Current treatment options for alcohol use disorders result in low compliance and high relapse rates for most patients. In order to develop novel therapeutic options, enhanced understanding of alternative pathways that mediate alcohol abuse is needed. The goal of this project is to better understand the mechanism and locus of action by which neurosteroid production affects alcohol intake, and how extrasynaptic GABAA receptors influence ethanol reinforcement.
Aim 1 of this study will measure the extent to which NAc neurosteroid levels and extrasynaptic GABAA receptor activation alter ethanol self-administration. The influence of neurosteroid levels in the nucleus accumbens on alcohol drinking will be tested using mice trained in an operant self-administration paradigm. In addition, the effects of an extrasynaptic GABAA receptor agonist will examine the role of this subclass of receptors in the NAc on alcohol drinking.
Aim 2 will measure the extent to which systemic neurosteroid levels and extrasynaptic GABAA receptor activation affect ethanol reinstatement. The dose response curve of a synthetic neurosteroid on reinstatement behavior will be measured to examine the influence of neurosteroid levels on alcohol seeking. Further, the involvement of extrasynaptic GABAA receptors will be tested to reveal whether this subclass of receptors is involved in alcohol reinstatement. Stimuli previously paired with alcohol, as well as exposure to alcohol, can be a potent trigger of alcohol-seeking and relapse in detoxifying users. Therefore, the effect of the neurosteroid agonist or extrasynaptic GABAA receptor agonist on oral ethanol or cue-induced reinstatement will also be examined to provide novel insight into mechanisms underlying relapse. This proposal will test the hypothesis that neurosteroid levels and extrasynaptic GABAA receptor activation are important determinants of ethanol intake and seeking, and that this effect is in part mediated by the NAc.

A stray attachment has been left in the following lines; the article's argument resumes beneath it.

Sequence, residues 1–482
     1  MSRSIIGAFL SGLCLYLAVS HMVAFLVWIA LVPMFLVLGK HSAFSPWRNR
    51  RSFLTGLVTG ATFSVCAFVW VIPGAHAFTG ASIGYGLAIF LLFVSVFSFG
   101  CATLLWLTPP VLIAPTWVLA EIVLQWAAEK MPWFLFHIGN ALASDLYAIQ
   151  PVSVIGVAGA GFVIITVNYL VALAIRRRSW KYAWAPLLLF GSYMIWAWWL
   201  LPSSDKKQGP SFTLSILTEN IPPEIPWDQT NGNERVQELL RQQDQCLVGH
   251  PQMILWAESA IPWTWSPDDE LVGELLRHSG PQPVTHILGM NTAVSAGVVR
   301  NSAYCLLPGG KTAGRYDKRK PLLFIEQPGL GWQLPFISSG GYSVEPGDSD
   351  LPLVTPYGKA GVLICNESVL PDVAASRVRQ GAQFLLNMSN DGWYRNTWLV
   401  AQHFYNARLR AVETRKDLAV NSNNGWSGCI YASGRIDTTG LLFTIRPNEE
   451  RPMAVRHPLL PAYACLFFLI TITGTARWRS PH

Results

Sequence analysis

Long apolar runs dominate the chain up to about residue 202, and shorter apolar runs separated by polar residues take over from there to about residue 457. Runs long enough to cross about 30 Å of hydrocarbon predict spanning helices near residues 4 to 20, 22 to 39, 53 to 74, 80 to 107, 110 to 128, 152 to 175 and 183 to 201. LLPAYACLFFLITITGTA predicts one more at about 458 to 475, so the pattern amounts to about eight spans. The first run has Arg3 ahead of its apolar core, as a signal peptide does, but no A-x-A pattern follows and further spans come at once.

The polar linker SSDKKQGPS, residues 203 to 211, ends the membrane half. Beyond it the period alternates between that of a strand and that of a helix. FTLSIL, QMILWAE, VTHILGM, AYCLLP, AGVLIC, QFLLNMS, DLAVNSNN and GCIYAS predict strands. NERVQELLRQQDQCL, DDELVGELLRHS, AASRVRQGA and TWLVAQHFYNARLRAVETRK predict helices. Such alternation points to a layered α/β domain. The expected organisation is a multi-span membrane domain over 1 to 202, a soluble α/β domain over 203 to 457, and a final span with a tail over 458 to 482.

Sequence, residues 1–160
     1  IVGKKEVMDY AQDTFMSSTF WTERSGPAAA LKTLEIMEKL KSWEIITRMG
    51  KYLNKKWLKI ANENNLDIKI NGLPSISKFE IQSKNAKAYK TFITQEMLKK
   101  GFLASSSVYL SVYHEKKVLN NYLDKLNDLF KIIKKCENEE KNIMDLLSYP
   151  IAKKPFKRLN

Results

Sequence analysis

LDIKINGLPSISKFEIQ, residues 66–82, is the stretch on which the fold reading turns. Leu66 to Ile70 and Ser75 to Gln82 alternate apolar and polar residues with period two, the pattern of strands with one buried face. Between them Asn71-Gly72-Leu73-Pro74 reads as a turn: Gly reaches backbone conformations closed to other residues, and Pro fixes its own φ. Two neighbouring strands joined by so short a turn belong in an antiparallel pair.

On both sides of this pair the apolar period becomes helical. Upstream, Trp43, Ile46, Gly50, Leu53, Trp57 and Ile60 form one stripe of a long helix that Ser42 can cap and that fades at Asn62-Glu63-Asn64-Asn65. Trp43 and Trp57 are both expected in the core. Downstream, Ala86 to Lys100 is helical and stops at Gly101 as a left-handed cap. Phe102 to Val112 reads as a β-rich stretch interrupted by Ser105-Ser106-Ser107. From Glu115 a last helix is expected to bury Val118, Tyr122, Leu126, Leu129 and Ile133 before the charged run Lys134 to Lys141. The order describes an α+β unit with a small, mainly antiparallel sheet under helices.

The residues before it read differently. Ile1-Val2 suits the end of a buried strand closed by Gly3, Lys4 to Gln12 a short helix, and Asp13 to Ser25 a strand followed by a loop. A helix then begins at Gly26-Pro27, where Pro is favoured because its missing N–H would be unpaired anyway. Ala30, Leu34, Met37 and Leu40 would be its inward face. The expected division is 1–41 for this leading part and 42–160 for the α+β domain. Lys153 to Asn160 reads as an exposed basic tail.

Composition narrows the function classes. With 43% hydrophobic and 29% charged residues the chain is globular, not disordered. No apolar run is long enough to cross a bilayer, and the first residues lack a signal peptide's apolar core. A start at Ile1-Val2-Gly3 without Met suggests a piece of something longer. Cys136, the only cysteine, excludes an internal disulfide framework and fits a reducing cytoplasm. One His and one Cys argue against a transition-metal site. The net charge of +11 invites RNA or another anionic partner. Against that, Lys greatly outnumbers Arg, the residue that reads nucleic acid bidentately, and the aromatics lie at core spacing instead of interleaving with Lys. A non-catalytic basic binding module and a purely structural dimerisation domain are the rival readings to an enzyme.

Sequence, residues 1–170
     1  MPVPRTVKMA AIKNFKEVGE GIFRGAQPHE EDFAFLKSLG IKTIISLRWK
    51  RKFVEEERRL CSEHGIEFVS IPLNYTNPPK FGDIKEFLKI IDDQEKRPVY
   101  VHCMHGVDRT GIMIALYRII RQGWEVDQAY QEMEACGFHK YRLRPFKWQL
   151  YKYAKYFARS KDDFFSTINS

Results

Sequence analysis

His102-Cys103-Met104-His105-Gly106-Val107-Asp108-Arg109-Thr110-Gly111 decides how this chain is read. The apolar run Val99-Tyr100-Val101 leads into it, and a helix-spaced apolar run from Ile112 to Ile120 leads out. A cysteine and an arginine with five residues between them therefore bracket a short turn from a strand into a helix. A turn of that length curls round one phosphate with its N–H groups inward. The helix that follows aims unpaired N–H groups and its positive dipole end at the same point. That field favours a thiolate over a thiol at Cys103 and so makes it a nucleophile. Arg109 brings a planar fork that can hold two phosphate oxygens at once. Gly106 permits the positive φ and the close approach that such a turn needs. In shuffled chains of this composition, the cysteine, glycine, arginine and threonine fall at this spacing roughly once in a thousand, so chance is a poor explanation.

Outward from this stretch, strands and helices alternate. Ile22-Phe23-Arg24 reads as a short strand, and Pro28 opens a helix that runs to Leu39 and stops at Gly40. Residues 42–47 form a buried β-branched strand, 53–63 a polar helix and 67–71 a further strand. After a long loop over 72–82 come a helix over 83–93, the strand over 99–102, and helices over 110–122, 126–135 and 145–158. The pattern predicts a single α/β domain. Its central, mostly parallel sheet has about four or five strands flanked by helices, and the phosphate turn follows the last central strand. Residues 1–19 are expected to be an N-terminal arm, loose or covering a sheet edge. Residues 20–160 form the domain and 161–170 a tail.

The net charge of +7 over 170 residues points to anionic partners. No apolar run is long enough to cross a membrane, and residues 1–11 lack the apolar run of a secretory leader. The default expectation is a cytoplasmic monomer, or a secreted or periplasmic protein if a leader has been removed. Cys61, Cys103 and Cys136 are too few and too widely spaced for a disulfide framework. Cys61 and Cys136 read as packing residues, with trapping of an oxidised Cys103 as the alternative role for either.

Public Health Relevance

Alcohol use disorders can be a dangerous and expensive burden on society. The long-term goal of this project is to enhance understanding of neurosteroid pathways and receptor localizations that mediate alcohol abuse, in order to shed light on novel therapeutic options.

Agency
National Institute of Health (NIH)
Institute
National Institute on Alcohol Abuse and Alcoholism (NIAAA)
Type
Predoctoral Individual National Research Service Award (F31)
Project #
5F31AA020716-02
Application #
8467577
Study Section
Health Services Research Review Subcommittee (AA)
Program Officer
Liu, Qi-Ying
Project Start
2012-06-01
Project End
2014-03-31
Budget Start
2013-06-01
Budget End
2014-03-31
Support Year
2
Fiscal Year
2013
Total Cost
$80,792
Indirect Cost
Name
Oregon Health and Science University
Department
Other Basic Sciences
Type
Schools of Medicine
DUNS #
096997515
City
Portland
State
OR
Country
United States
Zip Code
97239
Ramaker, M J; Ford, M M; Phillips, T J et al. (2014) Differences in the reinstatement of ethanol seeking with ganaxolone and gaboxadol. Neuroscience 272:180-7
Snelling, Christopher; Tanchuck-Nipper, Michelle A; Ford, Matthew M et al. (2014) Quantification of ten neuroactive steroids in plasma in Withdrawal Seizure-Prone and -Resistant mice during chronic ethanol withdrawal. Psychopharmacology (Berl) 231:3401-14